Uganda on alert as locusts approach from Kenya

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    Since the end of last year, locusts have invaded East Africa and the invasion has been considered the biggest in 25 and 70 years in Ethiopia and Kenya respectively.

    According to environment experts, the billions of locusts that are swarming though the region are a result of the recent extreme weather swings and could turn catastrophic if the pace and the numbers at which they are approaching are not retarded.

    Since November last year, dense clouds of locusts have been seen spreading from Ethiopia and Somalia and now into Kenya in what is regarded now as the region’s worst infestation in decades.

    According to the UN’s Food and Agriculture Organization (FAO), one swam in Kenya was estimated at around 2,400 square kilometers (930 square miles) that could contain up to 200 billion locusts with each destroying its own weight in food every day in consumption.

    According to FAO, this locusts’ invasion is the biggest in Ethiopia and Somalia in 25 years while it’s the biggest in Kenya in 70 years. The organization warns that if unchecked, locusts numbers could increase 500 times by the middle of this year spreading to neighboring countries like Uganda and South Sudan becoming a plague that will destroy both crops and pasture causing catastrophic problems in the already vulnerable region.

    Guleid Artan, an expert from the Climate Prediction and Applications Center (ICPAC) warns that this could lead “a major food security problem”, as he spoke to the press in Nairobi. He said that the locusts were the latest symptom of extreme climate conditions that saw 2019 start with a drought and end with one of the wettest seasons in four decades in some parts where floods killed hundreds of people across the region.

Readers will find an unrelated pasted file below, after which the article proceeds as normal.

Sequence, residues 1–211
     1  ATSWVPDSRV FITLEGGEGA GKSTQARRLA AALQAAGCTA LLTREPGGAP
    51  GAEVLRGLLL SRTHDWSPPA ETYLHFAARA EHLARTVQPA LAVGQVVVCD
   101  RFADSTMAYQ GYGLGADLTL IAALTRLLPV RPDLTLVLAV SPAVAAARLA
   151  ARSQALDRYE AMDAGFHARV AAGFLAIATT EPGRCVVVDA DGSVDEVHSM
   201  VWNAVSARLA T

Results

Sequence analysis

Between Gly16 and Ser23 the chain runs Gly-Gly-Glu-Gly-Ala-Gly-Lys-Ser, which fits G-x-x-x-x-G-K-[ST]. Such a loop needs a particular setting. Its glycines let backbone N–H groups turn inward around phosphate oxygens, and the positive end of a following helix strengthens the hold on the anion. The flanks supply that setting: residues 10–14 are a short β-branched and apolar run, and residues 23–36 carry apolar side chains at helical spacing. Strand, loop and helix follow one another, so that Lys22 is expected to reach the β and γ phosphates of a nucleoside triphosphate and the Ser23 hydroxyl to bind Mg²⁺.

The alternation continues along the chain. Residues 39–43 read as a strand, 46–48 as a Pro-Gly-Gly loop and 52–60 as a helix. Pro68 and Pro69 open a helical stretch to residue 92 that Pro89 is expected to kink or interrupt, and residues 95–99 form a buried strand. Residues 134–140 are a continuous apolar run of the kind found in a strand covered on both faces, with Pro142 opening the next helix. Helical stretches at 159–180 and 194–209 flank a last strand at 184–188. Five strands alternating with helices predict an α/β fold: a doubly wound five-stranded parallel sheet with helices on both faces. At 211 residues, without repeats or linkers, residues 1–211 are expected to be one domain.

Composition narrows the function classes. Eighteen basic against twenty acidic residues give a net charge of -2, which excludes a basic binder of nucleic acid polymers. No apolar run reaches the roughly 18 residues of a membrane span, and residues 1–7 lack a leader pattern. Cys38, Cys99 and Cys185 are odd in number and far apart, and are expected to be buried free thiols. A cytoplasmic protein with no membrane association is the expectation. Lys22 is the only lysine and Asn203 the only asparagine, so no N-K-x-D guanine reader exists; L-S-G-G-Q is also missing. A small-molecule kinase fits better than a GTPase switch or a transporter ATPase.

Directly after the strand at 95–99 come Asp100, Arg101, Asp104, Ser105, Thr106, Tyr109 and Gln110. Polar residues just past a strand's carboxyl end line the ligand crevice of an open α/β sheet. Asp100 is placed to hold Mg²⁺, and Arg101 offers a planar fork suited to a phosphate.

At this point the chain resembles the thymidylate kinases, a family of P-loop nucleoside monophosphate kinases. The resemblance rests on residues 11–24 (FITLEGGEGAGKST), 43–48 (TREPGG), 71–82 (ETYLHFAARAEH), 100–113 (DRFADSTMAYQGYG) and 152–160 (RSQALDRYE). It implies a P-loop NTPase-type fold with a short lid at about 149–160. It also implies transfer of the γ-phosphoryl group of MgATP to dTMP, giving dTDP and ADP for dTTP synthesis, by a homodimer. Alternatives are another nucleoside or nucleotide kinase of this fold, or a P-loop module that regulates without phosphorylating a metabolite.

According to FAO, the current invasion is known as an “upsurge” and when the entire region gets affected and the disaster gets worse and cannot be contained for over a year or more, it would turn into a “plague” of locusts.

    Since the beginning of the 1900s, there have been six major desert locust plagues and the last happened between 1987 and 1989 while the last major upsurge was in 2003 to 2005.

    Mr Artan said the invasion had come after a year of extremes which say the East Africa coast hit by eight cyclones, the highest in a single calendar year since 1976. This was due to a warmer Western Indian Ocean, a climate condition known as the Indian Ocean Dipole which has conversely led to severe drought in Australia that is experiencing its own extremes: bushfires, hail and dust storms.

    “We know East Africa is one of the most vulnerable to climate change. We know this region will see more extremes,” warned Artan.

    In Kenya, since the massive swarms entered in December, they have torn through pastureland in the north and central of the country. farmers in these regions were a bit lucky that their crops had already matured or been harvested by the time of the locust invasion, however, herders paid the bigger cost as vegetation for their animals is consumed by the destructive aliens. Unfortunately, pastoralists were just emerging from three years of drought and the recovery from such a long dry spell usually takes them up to five years.

    Experts further warn that if locusts are not brought under control by the start of the next planting and rainy season, around March, farmers could see their crops decimated.


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